I Really Do Not See the Signal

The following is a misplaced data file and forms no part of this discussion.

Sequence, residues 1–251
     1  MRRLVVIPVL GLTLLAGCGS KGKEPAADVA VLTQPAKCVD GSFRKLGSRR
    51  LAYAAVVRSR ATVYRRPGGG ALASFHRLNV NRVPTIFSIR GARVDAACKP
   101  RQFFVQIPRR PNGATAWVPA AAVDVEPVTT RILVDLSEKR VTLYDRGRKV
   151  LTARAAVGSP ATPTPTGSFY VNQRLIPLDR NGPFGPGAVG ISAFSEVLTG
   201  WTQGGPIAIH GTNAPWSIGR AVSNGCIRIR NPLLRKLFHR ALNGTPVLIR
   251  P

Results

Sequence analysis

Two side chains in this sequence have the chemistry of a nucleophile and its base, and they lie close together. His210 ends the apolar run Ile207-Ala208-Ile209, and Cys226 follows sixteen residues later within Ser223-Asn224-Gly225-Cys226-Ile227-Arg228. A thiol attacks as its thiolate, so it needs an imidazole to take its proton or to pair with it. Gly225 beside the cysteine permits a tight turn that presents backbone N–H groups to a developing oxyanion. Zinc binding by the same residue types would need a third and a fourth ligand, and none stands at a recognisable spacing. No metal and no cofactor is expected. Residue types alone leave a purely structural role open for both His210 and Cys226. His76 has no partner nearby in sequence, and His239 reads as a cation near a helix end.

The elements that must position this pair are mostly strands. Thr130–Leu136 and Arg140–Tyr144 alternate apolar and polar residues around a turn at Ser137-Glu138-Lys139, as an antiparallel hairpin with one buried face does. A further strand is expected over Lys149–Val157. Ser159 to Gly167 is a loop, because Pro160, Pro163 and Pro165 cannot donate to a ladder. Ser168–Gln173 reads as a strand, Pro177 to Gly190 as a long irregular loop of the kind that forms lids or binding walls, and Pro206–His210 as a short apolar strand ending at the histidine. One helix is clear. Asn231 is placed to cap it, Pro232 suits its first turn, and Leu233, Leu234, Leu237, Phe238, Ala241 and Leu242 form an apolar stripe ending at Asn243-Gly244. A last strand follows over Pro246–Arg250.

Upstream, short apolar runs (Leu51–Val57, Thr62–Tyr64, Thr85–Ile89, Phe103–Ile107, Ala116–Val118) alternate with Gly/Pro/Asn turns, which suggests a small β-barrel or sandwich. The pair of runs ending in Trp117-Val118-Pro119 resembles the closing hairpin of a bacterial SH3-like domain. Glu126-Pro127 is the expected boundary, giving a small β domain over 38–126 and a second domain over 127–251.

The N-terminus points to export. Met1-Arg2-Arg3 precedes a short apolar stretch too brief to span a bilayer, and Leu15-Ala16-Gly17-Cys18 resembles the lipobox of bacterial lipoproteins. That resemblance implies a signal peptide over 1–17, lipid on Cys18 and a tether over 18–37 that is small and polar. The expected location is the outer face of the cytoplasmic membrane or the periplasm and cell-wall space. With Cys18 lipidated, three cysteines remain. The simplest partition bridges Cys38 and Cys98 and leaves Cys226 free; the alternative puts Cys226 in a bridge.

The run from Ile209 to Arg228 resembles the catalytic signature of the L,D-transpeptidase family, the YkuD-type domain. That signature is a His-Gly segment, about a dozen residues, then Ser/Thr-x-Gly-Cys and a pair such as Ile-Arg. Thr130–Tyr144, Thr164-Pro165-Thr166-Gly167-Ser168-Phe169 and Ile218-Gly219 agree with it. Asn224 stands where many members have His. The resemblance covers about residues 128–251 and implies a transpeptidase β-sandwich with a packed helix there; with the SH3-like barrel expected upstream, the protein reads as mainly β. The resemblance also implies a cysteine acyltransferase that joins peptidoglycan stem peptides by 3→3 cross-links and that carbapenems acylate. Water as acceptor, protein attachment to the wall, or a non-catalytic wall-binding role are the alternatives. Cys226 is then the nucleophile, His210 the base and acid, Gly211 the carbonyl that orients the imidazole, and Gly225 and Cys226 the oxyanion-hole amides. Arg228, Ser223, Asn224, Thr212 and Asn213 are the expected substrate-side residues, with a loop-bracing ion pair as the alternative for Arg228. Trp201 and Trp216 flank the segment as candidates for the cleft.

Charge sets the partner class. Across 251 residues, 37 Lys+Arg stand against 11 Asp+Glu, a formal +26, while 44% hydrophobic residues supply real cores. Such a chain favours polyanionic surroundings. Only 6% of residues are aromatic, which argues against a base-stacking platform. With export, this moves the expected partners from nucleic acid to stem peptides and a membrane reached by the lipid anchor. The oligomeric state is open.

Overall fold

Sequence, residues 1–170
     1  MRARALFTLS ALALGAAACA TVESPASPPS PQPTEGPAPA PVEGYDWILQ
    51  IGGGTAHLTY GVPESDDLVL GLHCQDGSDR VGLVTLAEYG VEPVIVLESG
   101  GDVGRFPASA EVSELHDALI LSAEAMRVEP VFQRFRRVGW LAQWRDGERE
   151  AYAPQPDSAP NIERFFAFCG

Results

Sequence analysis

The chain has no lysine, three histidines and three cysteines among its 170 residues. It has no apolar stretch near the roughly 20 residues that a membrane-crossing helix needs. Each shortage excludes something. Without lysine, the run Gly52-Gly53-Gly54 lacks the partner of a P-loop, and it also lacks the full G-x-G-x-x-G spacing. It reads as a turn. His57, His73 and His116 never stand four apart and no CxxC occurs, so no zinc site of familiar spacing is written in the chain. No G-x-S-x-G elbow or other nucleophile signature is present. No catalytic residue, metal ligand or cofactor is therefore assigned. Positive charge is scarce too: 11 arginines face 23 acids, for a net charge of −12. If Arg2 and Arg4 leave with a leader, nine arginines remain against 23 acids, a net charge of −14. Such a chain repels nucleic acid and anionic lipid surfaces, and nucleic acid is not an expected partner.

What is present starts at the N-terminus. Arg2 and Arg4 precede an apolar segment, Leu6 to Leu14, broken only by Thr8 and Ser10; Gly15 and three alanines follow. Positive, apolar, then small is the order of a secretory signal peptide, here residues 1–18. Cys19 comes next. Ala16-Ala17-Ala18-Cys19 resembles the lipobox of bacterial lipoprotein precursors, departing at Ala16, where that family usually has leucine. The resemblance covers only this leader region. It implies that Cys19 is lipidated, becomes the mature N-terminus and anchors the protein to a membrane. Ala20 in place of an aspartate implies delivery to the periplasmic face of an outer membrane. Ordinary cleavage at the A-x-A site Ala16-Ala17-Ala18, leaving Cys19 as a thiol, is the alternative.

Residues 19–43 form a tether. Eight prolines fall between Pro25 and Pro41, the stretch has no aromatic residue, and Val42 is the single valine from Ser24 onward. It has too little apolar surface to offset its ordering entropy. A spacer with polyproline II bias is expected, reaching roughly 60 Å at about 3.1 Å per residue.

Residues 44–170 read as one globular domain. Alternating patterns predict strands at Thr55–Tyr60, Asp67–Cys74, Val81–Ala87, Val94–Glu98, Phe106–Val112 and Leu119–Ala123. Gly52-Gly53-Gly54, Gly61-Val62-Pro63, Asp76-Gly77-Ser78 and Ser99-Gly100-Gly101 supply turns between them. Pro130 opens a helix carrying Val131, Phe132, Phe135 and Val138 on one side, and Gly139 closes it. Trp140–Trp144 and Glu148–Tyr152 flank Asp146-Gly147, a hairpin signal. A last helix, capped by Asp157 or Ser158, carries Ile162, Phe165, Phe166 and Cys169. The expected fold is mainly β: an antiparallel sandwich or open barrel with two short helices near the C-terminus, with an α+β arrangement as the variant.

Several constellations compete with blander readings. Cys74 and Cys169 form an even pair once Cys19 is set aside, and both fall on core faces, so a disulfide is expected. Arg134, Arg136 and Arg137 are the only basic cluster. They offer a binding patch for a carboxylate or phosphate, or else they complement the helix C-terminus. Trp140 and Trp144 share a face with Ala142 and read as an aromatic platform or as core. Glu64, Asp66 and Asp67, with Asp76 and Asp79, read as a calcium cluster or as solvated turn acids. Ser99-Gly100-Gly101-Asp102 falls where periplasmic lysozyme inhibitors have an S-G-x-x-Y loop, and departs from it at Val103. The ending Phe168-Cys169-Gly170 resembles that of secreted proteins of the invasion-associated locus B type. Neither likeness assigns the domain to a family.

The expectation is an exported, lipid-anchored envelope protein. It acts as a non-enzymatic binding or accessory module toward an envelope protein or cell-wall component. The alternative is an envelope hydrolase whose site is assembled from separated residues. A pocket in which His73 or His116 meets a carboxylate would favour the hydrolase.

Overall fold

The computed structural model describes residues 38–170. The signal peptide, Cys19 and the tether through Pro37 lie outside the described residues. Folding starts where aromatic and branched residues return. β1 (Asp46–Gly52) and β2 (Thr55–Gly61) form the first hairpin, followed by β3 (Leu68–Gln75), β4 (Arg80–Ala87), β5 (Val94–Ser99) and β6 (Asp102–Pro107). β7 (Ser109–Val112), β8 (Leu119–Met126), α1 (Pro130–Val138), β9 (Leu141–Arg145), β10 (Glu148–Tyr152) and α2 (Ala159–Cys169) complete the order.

From Michael Caratti's review on the All About Jazz website: 'I Really Do Not See The Signal is the second Rob Price Quartet record, following At Sunset (Gutbrain, 2004), which featured Ellery Eskelin, Trevor Dunn and Joey Baron. This recording, with Jim Black replacing Baron on drums, is both more aggressive and adventurous in it's approach. 'Each piece on the album was written specifically for these musicians, who bring intensity and ingenuity to the recording. Price's understated and tasteful guitar work provides his band the space to explore all textural and dynamic extremes. Eskelin is inspiring, exquisite in tone and fearless in range, while ex-Mr Bungle bass man Dunn and downtown New York City drum hero Black offer unending drive. 'The scope of Price's compositions is enlightening. Exploring elements of hardcore rock and explosive free jazz, the album presents a series of ideas which flow seamlessly into one another, leaving one in anticipation of where the music will go next. The opening title track sets the pace, centered around a spikey guitar motif, with Black and Dunn creating an unnerving false start through off-beat syncopation, before launching into a heavy as you like bass and drum brew, over which Eskelin spews out long, contorted lines. 'Edgy ballads like 'Dashiell Hammett & Barbara Pym' sit in glorious resistance against the brutal force of 'Chambara.' The disjointed 'Girasol' and bop-inspired 'Mango' are also highlights. Truly representative of the downtown New York sound, this record is essential listening for anyone into music with balls.' Cadence Magazine's reviewer Jason Bivins wrote: 'I'd heard good things about Price's previous work but this disc is my first encounter with his music. He's not the most ostentatious player, which tends to serve his music well. It also gives plenty of room to his high energy band, for Eskelin's always-inventive expressions and the bustling vigor of Dunn and Black, both supple and muscular. Price, to put it somewhat simply, rocks out quite a bit, with a heavy use of distortion and a predilection for walls of sound and repeating licks. He's got more in his bag, though, and he's also a canny enough player for this not to overwhelm the music - indeed, he uses the distorted tones resourcefully to generate lots of texture ('Dashiell Hammett & Barbara Pym') and some nice fractured rhythms ('Girasol' and the bouncing 'Modern Mongoose'). Eskelin sounds inspired throughout, responding to Price's dense figures with some straight-up wailing, goosed along by Black and Dunn too. If you like high-intensity improv - with a dash of space rock, some occasional balladry, and a backbone of funk - you'll enjoy this disc.'